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Movie Review – M (1931 – Germany

Updated on April 24, 2012

Possibly the best film of its era

There are classic movies, and there are classic movies, and then there is the astonishing M , Fritz Lang’s 1931 psychological thriller, the film that is the direct precursor to about 50% of all the movies and TV ever made. If you doubt that assertion, just take a quick look at your cable guide—how many of tonight’s offerings are crime stories? What percentage feature deranged, compulsive bad guys driven by inner demons to hurt, to terrorize, to kill? Are there any shows about organized crime? What about police dramas, stories about the investigation of crime, the criminal justice system, the success or failure of society efforts to protect the innocent and punish the guilty?

Watch this terrific movie right now:

Watch the original 1931 trailer:


M is on every Best Movies list for a number of sound reasons, and the fact that it wraps up every one of the plot points I just listed inside one terrific story line is one of them. A child murderer is on the loose in Berlin; the city is in the grip of a paranoid panic. The civilian hysteria is mirrored by the determination of the police to catch the killer, and their intense scrutiny has set the underworld on edge, as well.


In one of the film most famous passages, Lang cuts adroitly back and forth as police and gangsters both develop strategies to identify the murderer, and by doing so he shows us the similarities between the two seemingly disparate groups. M is filled with such flashes of story-telling genius, and Lang also uses the very new technology of cinematic sound as a very effective plot device as the tune whistled by the killer (Edvard Grieg's In The Hall of the Mountain King , from the Peer Gynt Suite I Op. 46 ) gives him away.


Peter Lorre created one of film’s most memorable villains by imbuing Franz Becker with an unsettling, childlike quality that provides an undercurrent of conflict, especially when the gangsters subject him to a kangaroo court trial. His performance raises M into the highest level of psychological drama as we ponder to what degree the deeply damaged should be held responsible for the damage they, in turn, do to others—another very modern theme that Lang places at the core of his story.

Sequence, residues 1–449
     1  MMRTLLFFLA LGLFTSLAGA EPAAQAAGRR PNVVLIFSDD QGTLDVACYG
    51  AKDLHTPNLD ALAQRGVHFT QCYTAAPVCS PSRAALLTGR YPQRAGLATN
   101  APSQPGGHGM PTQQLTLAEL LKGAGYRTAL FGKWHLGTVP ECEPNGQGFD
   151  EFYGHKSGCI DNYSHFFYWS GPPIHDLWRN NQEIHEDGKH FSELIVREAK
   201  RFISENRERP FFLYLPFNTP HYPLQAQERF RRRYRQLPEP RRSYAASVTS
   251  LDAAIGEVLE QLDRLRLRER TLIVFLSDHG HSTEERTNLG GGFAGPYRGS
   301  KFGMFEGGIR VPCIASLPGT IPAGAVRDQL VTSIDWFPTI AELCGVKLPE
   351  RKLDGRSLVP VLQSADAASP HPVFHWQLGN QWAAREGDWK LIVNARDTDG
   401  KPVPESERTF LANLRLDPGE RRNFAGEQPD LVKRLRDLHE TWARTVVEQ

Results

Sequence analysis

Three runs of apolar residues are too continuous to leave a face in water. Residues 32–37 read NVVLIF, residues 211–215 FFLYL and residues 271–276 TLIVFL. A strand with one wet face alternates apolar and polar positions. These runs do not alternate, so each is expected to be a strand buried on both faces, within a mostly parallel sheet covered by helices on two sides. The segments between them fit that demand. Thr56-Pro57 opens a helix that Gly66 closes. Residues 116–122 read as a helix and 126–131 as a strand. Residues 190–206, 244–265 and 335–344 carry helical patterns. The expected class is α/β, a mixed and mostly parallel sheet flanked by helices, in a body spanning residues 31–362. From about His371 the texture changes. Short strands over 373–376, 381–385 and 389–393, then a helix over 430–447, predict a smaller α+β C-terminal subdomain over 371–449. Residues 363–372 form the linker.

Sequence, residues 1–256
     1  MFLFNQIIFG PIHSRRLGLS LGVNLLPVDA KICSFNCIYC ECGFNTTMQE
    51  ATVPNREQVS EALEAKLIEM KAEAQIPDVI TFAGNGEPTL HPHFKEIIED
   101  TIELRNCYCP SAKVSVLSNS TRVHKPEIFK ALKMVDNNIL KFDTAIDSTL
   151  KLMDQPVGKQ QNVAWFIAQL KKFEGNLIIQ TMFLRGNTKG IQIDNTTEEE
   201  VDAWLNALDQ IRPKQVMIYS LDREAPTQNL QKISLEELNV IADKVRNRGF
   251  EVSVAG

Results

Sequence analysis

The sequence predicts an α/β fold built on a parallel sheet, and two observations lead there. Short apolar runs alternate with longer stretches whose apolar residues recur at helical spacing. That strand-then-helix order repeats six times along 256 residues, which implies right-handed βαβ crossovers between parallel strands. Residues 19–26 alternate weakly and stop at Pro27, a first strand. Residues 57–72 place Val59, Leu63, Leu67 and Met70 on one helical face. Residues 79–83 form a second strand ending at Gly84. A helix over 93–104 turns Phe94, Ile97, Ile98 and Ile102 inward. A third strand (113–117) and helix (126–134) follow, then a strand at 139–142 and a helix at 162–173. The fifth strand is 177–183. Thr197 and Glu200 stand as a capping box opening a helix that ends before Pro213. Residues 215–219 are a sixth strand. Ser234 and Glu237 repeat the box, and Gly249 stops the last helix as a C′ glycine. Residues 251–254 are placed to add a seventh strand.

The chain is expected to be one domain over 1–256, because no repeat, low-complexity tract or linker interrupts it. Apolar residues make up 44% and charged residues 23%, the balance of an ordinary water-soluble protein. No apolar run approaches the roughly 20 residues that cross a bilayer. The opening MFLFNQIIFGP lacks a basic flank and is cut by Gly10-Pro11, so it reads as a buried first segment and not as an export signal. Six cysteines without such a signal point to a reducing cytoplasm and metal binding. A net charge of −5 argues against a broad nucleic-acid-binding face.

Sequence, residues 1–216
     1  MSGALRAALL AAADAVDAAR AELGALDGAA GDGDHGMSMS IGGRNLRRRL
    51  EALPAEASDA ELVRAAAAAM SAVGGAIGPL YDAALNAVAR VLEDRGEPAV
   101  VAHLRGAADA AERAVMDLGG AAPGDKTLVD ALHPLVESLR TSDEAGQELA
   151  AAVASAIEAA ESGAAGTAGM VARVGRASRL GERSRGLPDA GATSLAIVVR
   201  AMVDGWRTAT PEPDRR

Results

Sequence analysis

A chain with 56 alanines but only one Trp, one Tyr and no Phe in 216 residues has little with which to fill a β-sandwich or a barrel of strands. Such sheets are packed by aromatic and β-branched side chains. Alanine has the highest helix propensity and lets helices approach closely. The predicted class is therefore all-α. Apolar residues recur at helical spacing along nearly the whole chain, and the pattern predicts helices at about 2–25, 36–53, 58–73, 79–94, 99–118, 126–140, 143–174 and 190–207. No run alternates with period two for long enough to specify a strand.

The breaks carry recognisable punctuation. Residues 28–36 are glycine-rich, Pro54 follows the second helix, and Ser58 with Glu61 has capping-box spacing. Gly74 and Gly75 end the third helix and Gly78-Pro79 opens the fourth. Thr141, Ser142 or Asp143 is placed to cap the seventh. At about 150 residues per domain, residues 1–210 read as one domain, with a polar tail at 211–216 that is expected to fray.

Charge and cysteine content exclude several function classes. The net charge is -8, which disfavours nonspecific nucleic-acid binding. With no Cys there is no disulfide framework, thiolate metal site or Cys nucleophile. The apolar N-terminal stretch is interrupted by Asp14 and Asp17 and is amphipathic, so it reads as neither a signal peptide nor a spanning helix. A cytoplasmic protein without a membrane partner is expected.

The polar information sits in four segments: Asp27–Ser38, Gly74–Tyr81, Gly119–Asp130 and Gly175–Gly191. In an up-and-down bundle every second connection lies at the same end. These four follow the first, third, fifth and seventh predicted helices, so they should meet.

M was an international sensation when it was released and was widely respected in the burgeoning American film industry, paving the way for Lang’s successful repatriation after he fled Germany in 1934. It remains an astonishing film, one whose impact has not been diminished in the many decades since it first asked the question with which it begins, "Wer ist der Morder?" (Who is the murderer?)

Very highly recommended.


Copyright © Roberta Lee 2012. All rights reserved.


(I am an artist and the author of the Suburban Sprawl series of novels as well as two nonfiction books. Find out more about my work at RobertaLeeArt.com.)

You might also enjoy these other classic Fritz Lang films:

In which film was Peter Lorre the most memorable? (Is your choice not listed? Please enter it the Comment box )

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    • DIYmyOmy profile image
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      DIYmyOmy 5 years ago from Philadelphia, PA

      Thank you The Finance Hib--yes, I have been reading and enjoying your articles, very good work!

    • DIYmyOmy profile image
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      DIYmyOmy 5 years ago from Philadelphia, PA

      Thanks! M is one of the handful of films I try to watch at least once a year. I see something new to be amazed by at each viewing. I'm going to go read some more of your great reviews at http://hubpages.com/@stevelensman

    • Steve Lensman profile image

      Steve Lensman 5 years ago from London, England

      I watched this again recently, classic movie. Good review.

      Voted Up.